Steroids have been successfully used in patients who fail elimination diet. Dosage is normally 20–40 mg of prednisone daily. Improvement usually occurs within two weeks of beginning therapy and the dose of steroids need to be rapidly tapered after remission. Relapses are common and some patients require continuous low dose steroids to control symptoms. In such cases, especially those who do not tolerate the complications of steroids, alternative strategies, such as in our patient, may be attempted. Glucocorticoids, the most effective agents for reducing eosinophilia, suppress the gene transcription of IL-3, IL-4, IL-5, GM-CSF, and various chemokines [1]. In many studies it has been proven that glucocorticoids can decrease both the number of eosinophils and the effects of their toxic products. After short term treatment with glucocorticoids a significant decrease in the levels of serum eosinophil cationic protein (ECP) and serum eosinophil peroxidase was observed [43]. Evidence supports that decreased level of serum ECP may serve as an objective indicator for the clinical activity and treatment of allergic asthmatics [44]. It has been shown that dexamethasone prevents antigen-induced hyperactivity by protecting neuronal M (2) muscarinic receptors from antagonism by eosinophil major basic protein. This protective mechanism appears to be specifically inhibiting eosinophil recruitment to the airway nerves [45]. Treatment with high dose methylprednisolone results in significant reduction in peripheral blood eosinophils and phenotypic changes characterized by decreased expression of CD11b, CD18, and CD13 which have an important role in the action of eosinophils [46]. In addition, glucocorticoids inhibit the cytokine-dependent survival of eosinophils [47]. Treatment with systemic or topical (inhaled or intranasal) glucocorticoids causes a rapid reduction in eosinophils. It is important to note that a few patients have a resistance to glucocorticoid therapy and maintain eosinophilia despite high doses of steroids [48]. Patients with glucocorticoid resistance sometimes require alternative approaches.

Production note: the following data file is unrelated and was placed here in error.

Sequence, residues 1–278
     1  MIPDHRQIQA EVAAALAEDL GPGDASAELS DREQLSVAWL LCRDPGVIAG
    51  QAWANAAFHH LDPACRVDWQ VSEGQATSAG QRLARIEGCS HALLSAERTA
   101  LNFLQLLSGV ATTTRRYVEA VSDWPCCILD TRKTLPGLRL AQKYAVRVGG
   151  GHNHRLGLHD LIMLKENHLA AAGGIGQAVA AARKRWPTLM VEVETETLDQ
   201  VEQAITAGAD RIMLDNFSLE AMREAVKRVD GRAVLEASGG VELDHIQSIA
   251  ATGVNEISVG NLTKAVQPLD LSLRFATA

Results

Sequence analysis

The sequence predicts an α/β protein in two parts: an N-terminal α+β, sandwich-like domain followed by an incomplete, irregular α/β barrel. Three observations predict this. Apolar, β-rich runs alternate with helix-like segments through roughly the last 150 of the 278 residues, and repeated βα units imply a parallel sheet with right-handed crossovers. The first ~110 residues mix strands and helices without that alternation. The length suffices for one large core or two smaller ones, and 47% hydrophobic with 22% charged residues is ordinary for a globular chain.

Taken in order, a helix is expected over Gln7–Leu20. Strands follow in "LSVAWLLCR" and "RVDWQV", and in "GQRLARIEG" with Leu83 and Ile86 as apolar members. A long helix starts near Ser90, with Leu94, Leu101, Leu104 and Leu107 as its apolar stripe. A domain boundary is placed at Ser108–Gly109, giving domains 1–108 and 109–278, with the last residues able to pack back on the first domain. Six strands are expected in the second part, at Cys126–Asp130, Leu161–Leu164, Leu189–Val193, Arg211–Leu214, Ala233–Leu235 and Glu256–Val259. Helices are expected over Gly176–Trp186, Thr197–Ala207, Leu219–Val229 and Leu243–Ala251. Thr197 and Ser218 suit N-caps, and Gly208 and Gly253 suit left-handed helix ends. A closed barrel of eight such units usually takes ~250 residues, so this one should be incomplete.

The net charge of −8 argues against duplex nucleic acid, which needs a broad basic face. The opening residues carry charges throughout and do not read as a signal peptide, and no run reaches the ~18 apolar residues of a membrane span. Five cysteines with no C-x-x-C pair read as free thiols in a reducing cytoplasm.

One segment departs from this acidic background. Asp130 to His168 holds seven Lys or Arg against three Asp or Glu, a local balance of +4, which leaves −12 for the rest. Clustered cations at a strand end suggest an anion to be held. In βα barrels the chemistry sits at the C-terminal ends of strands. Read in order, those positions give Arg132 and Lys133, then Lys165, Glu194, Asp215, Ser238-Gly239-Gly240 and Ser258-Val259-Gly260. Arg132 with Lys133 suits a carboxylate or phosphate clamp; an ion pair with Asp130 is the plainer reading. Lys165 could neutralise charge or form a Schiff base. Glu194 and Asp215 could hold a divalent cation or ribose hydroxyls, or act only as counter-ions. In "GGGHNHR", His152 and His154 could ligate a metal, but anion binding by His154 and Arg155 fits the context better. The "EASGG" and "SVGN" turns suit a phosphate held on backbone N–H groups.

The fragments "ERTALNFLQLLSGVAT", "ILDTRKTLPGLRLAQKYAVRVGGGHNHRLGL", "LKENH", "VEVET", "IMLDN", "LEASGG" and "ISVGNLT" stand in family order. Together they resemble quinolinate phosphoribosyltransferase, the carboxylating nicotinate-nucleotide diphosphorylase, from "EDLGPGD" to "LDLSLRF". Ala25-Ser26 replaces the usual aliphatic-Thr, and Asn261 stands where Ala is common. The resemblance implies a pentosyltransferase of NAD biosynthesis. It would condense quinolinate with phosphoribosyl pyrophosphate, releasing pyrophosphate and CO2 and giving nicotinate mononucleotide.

Our patient failed use of oral cromolyn sodium (gastrocrom®) and montelukast sodium (10 mg/day), and continued to require frequent pulses of glucocrticoids in spite of the coadministration of these medications. This prompted us to use alternative agents. The use of ketotifen and hydroxyurea have been reported to have some success in a limited number of cases. Van Dellen and colleagues reported on the succesful use of oral cromoyln in a 47 year old patient with documented food allergy and eosinophilic gastritis [49]. Ketotifen, an H1 class antihistamine, was used as an alternative in 6 patients with eosinophilic gastroenteritis [50]. Patients treated with ketotifen showed eosinophilic clearing in follow up biopsies with associated weight gain. Montelukast has also been used as a steroid sparing therapy. One case report displayed successful steroid tapering of a steroid dependent patient with eosinophilic gastroenteritis once montelukast was begun [51]. Daikh et al. commented on the reduction of eosinophilia with montelukast but the absence of any symptomatic relief in a patient with eosinophilic gastroenteritis [52]. However, Schwartz and coworkers succesfully managed to wean a patient with eosinophilic gastroenetritis off glucocorticoids suggesting variable responses to this drug as seen in diseases such as asthma [53]. Given the benign quality of montelukast, this drug may be tried in eosinophilic gastroenetritis and continued therapy based on response rates. Our patient had no response to montelukast and vomiting continued unabated unless treated with glucocorticoids. Suplatast tosilate has also been reported as a successful treatment but is not currently available in the United States. There are also ongoing pilot studies investigating anti-IL-5 therapy. It is unknown whether these newer biological agents such as antibody to IL-4, IL-5, or CCR3 may have a beneficial effect on the course of eosinophilic gastroenteritis. It is likely in the food allergic individual, antibody to IgE may have some beneficial therapeutic effects. Alternatives in patients who are dependent on steroids or resistant to them include myelosuppressive drugs such as hydroxyurea, azathioprine, vincristine, methotrexate, or interferon alpha. Interferon alpha seem to be especially promising, and this is mostly due to its inhibitory effect on the degranulation of eosinophils or on the expression of eosinophilic active cytokines by T cells and mast cells as described by us [54,55].